As you imagine a glorious future for yourselves, Amos warns us: be careful what you ask for. Be careful how you imagine things will turn out for yourselves. God’s “no” echoes throughout the Bible from beginning to end: from our rebellion in the garden in Genesis 3 to the end of this old creation in Revelation 22. So, be careful what you say in God’s name to people claiming to be His and to all the rest. James warns: “Not many of you should aspire to be teachers, my brothers and sisters, for you will be judged more strictly” (3:1). The Lord Jesus Christ warns: “But whoever causes one of these little ones who believe in me to sin, it would be better for him to have a great millstone fastened around his neck and to be drowned in the depth of the sea” (Matthew 18:6). Today, the Lord Jesus says it clearly to foolish Christians: “‘Truly, I say to you, I do not know you.’ Watch therefore, for you know neither the day nor the hour” (Matthew 25:12-13).
Why, then, do so many speak of God’s justice so passionately as if their definition of justice were light and not darkness? For, the justice of God is getting what we deserve. The confession of sins in Lutheran Book of Worship, p. 194, says: “I, a troubled and penitent sinner, confess to you all my sins and iniquities with which I have offended you and for which I justly deserve your punishment.” The older words say, “temporal and eternal punishment,” this world and the next.
God’s justice is not “my will be done.” God’s justice is not accomplished by the ballot box. Indeed, sometimes the worst injustices occur at the hands of justice warriors who create hell on earth. Those who do not know history are doomed to repeat it. Hitler was a progressive, not a conservative. Stalin and Mao killed millions in the name of justice for the masses. Sixty-three million babies have been aborted in the name of justice. Illegal immigrants and inner-city school kids suffer at the hands of justice warriors. And leftist theologians prop up those who make guinea pigs of the poor in the name of doing justice, loving kindness, and all their godless idols.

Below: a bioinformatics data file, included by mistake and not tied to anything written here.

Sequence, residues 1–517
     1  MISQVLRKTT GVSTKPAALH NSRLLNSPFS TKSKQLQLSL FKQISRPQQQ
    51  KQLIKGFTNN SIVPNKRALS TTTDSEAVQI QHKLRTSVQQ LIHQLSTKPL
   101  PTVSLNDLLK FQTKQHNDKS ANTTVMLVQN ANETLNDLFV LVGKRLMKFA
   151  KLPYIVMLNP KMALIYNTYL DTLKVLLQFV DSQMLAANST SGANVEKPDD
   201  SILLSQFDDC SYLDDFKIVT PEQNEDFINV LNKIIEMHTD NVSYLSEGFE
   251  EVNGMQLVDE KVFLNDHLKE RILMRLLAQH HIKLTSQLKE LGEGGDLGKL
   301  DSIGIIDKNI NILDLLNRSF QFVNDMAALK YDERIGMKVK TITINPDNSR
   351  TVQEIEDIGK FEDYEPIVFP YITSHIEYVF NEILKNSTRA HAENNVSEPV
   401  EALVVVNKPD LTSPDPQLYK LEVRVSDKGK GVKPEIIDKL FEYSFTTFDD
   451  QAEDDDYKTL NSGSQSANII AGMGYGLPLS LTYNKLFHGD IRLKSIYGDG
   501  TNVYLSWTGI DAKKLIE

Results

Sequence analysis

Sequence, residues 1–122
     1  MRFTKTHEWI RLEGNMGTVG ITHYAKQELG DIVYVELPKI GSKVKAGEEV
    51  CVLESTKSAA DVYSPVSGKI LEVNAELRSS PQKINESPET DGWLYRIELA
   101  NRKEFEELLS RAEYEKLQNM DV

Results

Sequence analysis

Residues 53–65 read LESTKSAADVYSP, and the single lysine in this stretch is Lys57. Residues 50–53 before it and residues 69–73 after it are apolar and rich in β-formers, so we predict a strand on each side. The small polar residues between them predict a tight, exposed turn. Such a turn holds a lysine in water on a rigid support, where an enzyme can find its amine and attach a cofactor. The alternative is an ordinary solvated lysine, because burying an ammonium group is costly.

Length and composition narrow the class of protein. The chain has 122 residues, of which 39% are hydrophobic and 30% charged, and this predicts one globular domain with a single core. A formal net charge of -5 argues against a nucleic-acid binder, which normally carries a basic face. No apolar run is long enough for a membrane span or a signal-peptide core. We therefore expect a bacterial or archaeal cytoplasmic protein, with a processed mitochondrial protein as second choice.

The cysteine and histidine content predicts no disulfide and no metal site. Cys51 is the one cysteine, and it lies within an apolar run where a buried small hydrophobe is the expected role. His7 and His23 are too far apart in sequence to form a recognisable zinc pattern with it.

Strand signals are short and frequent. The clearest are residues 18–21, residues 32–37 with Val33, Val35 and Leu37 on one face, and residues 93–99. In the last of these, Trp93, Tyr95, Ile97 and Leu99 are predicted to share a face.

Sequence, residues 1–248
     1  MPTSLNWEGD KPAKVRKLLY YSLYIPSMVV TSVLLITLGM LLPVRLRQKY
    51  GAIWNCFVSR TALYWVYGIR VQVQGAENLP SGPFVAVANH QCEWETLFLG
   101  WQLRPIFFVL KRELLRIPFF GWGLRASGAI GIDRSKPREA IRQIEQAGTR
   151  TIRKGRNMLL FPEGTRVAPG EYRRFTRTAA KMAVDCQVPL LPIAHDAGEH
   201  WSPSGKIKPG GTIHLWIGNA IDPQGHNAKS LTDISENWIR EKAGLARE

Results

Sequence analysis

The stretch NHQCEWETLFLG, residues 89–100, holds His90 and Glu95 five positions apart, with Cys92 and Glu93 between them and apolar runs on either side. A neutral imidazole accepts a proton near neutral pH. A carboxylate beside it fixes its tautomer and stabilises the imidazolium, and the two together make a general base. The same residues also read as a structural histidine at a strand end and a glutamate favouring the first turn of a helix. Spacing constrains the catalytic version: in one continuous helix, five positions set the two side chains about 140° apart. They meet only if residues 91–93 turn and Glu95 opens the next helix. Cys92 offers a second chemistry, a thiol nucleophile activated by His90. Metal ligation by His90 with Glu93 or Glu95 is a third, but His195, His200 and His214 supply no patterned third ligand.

The justice and righteousness of God can be found in one place only: on the cross of the Lord Jesus Christ, truly God and truly human, the only One who takes upon Himself the death we poor, miserable sinners deserve. Yes, the Crucified is the only One who is righteous! So, the blood of Jesus rolled down like waters, like an ever-flowing stream. From the sixth hour to the ninth hour on Golgotha, the day of the LORD was darkness for you and me… for the world’s salvation!
Christ Alive in His People
Holy Baptism is a way of life that begins at the onetime washing with water in the name of the Father, Son, and Holy Spirit. Yes, Holy Baptism is the death of the baptized, the daily death of the baptized, yes, the daily rehearsal for that day we take our last breath in these sinful, mortal bodies. On the eighth day of creation, the Lord Jesus was raised from the dead in a Jewish male body that bore the marks of His saving death in His hands, feet, and side. Born of water and the Holy Spirit, the baptized are raised to share in the eternal life and love of God, a life in which Christ is alive in His people, who are His Body in the world. As we gather for right worship, we repent, confessing our sins, admitting the truth about ourselves and the justice that we deserve and that will envelop us as the wages of sin come due on that dark day when this life is no more.